1. Corporate Social Responsibility (CSR) at FIFA
Football is played by millions of people around the world. As the guardian of the game, FIFA – with its 209 member associations – has a responsibility that goes beyond organising the FIFA World Cup™ and developing the game. FIFA sees it as its mission to contribute towards building a better future for the world by using the power and popularity of football.
The responsibility to coordinate FIFA’s sustainability initiatives lies with FIFA’s Corporate Social Responsibility Department. Since its foundation in 2005, the department has been developing programmes and collaborating with FIFA departments and external stakeholders to maximise the positive and minimise the negative impact of its activities on society and the environment.
Today, FIFA is active through numerous social initiatives, environmental projects and sustainability programmes that are implemented throughout the year and specifically for tournaments. Activities include the development and implementation of the 2014 FIFA World Cup Sustainability Strategy, social development programmes such as “Football for Hope”, campaigns like “20 Centres for 2010”, “Say No to Racism” and “My Game is Fair Play”, and environmental programmes such as “Green Goal”.
CSR at FIFA is about managing business processes sustainably to improve our impact on society and the environment. This requires a balanced approach to social development, environmental protection and economic growth.
2. CSR at FIFA Tournaments
The FIFA World Cup 2006 in Germany was the first FIFA tournament where social and environmental projects became an integral and official part of the event introducing a new era for “sustainability” at FIFA tournaments. FIFA’s joint campaign with SOS Children Villages raised over EUR 20 million for the construction of SOS Children Villages in Brazil, Mexico, Nigeria, South Africa, Vietnam and Ukraine. Together with the German LOC, FIFA launched the environmental protection programme Green Goal and invested over EUR 400,000 into carbon-offsetting projects.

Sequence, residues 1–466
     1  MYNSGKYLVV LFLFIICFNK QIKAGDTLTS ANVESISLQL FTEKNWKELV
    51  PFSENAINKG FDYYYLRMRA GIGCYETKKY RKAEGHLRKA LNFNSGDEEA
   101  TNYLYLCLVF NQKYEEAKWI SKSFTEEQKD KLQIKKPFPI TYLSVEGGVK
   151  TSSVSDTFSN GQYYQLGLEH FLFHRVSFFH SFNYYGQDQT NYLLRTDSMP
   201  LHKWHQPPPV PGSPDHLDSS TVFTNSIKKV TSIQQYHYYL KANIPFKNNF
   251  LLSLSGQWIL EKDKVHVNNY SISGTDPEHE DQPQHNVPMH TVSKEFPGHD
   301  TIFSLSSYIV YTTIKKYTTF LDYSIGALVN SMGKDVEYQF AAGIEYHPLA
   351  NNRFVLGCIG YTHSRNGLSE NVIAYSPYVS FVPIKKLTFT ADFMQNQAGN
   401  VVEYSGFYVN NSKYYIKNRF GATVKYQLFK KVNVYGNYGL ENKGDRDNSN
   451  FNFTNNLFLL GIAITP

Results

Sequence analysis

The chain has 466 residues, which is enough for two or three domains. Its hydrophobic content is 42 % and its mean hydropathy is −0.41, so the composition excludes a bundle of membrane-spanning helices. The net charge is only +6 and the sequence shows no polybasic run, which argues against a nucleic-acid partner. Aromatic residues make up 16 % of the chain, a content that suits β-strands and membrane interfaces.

These positive outcomes and experiences inspired further social and environmental programmes at FIFA tournaments since then. (For more details please see separate fact sheet)
Over time, more issues were added to the agenda of FIFA tournaments such as child safety, informal vendors, recycling, renewable energy, organic catering, and health promotion. It then became clear that a more comprehensive and longer-term approach was needed to ensure sustainable tournaments. Discussions with the LOC and the government for the 2014 FIFA World Cup had already kicked off by the end of 2010, earlier than for any other tournament previously. During 2011, FIFA and the LOC discussed and considered a host of issues and their relevance for the FIFA World Cup™ in Brazil, resulting in the first comprehensive sustainability strategy for a FIFA World Cup. (For more details, please see below)
Furthermore, and in assuring its commitment in the future, FIFA also amended the requirements of the bidding process for the 2018 and 2022 FIFA World Cups. All bidders had to provide comprehensive information on how they plan to tackle the social and environmental challenges of preparing and hosting the FIFA World Cup™. Collaboration on key social and environmental issues has already started with Russia and Qatar.
3. 2014 FIFA World Cup™ Sustainability Strategy
In developing the sustainability strategy for the 2014 FIFA World Cup, it was important for FIFA and the LOC to define a clear, ambitious and yet realistic focus for the approach. Staging the biggest single-event sporting competition in the world in a sustainable way requires careful consideration of many issues. Moreover, with its worldwide reach, the FIFA World Cup offers a platform to raise awareness and highlight many social and environmental concerns. Considering all these issues and managing expectations was essential in developing the current strategy.